I contributed a bit to Julia Skinner’s post for Hack Library SchoolWhy We Decided on the PhD“. Just a couple of sentences from me about (obviously) why I decided to pursue an doctoral degree. There are many reasons NOT do go this route. Julia is a doctoral candidate in my program; and she’s very knowledgeable about so many things!

July

I wrote a guest post for the Letters to a Young Librarian blog called, “Politics Schmolitics! What Does Politics Have to do With Libraries?” My first librarian position was in a small rural library system. My MLIS program didn’t prepare me for the amount of politics (local and state) involved in public libraries. Only working in a library can teach you that.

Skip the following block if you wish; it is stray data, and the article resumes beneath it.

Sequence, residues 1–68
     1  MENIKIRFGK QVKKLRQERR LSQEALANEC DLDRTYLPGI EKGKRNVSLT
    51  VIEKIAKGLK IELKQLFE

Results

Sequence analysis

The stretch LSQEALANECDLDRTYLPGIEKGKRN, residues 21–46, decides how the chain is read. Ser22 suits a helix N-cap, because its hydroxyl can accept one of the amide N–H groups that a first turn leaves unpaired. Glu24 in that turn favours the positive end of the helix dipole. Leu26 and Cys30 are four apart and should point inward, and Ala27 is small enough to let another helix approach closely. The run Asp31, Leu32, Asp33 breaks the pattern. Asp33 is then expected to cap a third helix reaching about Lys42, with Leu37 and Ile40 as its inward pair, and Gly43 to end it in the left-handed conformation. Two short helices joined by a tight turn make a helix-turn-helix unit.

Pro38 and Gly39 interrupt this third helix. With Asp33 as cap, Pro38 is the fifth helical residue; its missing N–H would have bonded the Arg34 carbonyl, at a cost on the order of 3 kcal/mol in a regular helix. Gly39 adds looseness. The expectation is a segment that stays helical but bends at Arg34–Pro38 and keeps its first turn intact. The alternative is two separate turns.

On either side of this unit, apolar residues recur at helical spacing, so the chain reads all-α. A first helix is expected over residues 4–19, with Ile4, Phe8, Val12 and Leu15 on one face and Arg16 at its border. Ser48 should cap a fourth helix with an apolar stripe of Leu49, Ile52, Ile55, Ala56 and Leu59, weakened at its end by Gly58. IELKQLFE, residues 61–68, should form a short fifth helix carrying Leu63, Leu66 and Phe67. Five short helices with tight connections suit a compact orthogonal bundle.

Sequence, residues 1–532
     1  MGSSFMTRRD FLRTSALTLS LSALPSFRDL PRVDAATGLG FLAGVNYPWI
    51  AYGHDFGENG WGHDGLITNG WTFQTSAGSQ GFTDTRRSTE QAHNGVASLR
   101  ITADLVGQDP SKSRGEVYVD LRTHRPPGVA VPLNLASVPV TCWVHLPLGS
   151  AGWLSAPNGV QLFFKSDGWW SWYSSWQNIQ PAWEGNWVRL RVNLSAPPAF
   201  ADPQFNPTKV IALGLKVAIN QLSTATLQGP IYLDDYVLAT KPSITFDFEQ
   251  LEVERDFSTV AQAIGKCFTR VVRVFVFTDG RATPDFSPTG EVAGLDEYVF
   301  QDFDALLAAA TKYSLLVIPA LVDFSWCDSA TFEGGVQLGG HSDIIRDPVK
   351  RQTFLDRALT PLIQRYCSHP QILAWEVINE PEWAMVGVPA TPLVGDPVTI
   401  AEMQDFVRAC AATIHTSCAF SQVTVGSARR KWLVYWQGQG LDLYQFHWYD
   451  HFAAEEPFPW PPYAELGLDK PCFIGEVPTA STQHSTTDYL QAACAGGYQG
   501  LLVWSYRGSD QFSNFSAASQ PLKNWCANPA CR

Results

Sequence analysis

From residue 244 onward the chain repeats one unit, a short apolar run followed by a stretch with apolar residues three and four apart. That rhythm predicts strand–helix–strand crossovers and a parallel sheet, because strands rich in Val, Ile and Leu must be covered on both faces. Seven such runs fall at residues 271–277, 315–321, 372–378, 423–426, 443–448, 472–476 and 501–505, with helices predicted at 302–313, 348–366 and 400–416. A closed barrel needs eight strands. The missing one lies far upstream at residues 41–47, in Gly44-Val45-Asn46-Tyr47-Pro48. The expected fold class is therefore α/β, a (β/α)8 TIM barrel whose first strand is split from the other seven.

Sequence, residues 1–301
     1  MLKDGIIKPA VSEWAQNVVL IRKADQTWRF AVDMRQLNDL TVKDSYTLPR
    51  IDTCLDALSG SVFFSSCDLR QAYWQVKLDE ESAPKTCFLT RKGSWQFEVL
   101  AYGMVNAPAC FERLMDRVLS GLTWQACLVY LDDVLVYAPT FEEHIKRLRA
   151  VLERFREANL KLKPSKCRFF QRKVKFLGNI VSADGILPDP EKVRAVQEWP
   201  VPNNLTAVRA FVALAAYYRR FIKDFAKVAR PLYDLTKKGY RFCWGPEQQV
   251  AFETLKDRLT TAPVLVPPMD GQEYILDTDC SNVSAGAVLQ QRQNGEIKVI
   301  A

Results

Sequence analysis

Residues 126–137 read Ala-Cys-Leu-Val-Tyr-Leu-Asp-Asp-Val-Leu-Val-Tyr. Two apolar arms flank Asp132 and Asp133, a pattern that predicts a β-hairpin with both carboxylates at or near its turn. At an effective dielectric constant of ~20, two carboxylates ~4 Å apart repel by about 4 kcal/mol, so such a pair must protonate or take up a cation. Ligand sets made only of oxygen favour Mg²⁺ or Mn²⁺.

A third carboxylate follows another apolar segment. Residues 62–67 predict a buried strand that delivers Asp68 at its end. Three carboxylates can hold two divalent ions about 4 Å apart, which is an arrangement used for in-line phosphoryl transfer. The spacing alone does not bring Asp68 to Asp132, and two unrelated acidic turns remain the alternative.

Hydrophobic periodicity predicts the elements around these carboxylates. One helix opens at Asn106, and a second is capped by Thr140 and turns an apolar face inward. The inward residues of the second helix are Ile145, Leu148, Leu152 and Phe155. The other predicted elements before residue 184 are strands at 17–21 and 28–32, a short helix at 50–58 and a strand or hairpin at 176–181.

September

I learned even more things this year

About a year ago I wrote a post reflecting on my experiences as a first-year doctoral student. I’m keeping the tradition alive by posting about my second-year in the doc program! I’ve grown significantly, both professionally and personally. Maybe even more in my personal life. But I’ll stick to the professional ups and downs in this post (since this is an academically minded blog and all).